4 For Emma, Forever Ago by Bon Iver 2008 89
5 Dear Science, by TV On The Radio 2008 88
6 Fleet Foxes by Fleet Foxes 2008 87
7 Dig!!! Lazarus Dig!!! by Nick Cave And The Bad Seeds 2008 87
8 Robyn by Robyn 2008 86
9 Hercules And Love Affair by Hercules And Love Affair 2008 86
10 Fortress by Protest The Hero 2008 86
11 Rook by Shearwater 2008 85
12 Life…The Best Game In Town by Harvey Milk 2008 85
13 Third by Portishead 2008 85
14 Stay Positive by The Hold Steady 2008 85
15 Laulu Laakson Kukista by Paavoharju 2008 85
16 Harps And Angels by Randy Newman 2008 85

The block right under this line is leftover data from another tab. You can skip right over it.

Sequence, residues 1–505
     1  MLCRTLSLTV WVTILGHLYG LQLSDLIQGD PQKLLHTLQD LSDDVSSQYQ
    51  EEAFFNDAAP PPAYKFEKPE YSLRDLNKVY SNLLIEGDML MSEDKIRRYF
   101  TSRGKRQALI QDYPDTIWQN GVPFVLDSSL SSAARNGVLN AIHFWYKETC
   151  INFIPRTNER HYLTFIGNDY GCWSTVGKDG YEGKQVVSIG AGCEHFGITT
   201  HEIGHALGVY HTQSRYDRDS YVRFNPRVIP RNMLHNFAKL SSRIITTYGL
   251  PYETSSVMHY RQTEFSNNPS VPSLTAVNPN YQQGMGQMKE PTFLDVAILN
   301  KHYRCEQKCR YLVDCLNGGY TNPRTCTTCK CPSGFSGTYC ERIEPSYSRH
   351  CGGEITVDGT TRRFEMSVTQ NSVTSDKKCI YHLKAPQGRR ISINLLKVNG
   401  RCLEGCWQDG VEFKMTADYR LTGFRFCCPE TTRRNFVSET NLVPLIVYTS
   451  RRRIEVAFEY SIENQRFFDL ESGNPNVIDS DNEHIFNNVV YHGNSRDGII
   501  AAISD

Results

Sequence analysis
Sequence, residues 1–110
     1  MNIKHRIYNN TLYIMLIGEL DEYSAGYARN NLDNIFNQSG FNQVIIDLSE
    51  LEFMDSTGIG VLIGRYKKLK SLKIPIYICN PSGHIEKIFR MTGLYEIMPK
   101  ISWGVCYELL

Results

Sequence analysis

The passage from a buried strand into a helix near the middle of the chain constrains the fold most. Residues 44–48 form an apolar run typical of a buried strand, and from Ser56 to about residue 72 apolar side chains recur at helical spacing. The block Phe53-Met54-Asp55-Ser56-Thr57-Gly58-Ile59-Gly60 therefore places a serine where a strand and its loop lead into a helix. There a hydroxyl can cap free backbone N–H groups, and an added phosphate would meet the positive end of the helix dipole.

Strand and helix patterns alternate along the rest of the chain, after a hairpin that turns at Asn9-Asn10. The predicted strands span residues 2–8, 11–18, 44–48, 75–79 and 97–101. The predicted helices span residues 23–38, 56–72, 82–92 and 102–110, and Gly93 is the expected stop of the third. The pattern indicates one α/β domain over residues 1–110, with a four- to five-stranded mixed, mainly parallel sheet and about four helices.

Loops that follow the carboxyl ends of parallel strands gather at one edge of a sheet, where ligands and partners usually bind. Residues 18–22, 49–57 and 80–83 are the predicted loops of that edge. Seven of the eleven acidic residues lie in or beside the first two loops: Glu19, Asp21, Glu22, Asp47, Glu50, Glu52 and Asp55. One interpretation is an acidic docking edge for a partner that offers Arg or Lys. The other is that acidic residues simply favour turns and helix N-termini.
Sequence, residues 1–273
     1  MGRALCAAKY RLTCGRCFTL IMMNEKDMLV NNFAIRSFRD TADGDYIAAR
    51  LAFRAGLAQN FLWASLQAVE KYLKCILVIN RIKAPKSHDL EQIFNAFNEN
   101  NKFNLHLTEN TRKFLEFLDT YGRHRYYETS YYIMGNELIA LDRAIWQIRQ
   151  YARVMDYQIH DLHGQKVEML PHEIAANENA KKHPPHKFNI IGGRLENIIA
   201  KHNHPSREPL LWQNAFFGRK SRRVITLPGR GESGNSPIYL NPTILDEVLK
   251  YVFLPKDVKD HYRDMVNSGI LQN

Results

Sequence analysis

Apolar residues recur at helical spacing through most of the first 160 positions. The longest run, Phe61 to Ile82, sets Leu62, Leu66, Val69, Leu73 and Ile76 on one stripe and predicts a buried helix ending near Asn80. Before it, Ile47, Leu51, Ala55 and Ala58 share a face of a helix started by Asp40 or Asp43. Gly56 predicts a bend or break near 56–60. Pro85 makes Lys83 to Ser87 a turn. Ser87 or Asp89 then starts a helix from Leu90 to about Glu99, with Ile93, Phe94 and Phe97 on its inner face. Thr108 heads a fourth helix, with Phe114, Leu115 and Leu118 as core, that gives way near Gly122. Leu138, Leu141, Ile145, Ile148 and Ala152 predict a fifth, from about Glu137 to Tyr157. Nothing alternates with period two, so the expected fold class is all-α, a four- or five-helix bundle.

Now I like music. A lot. I like a lot of weird shit. I went to metafilter to specifically see if there was anything I didn’t know about which was pretty good. I do this about every 6 months or so. And this time I was like “that’s it, I’ve had it.” The top twelve on this list are pure balls. Seriously I in depth listened to all of them and there wasn’t anything good. The only things I kind of liked were stuff after that and things I already had like Portishead, The Hold Steady. Look, music is ultra super subjective. Moreso than the other mainstream artforms. It just is. And trying to critically rate it all just doesn’t work in the metacritic system. Look across the board,  everything gets the “green light” rating of being good. Unlike the other mediums where getting something in the green is rare. Plus it tends to overskew bad metal bands that get big love from metal magazines. Don’t get me wrong, I likes me some metals but damn Protest the Hero sucks. Bah, it makes me too angry.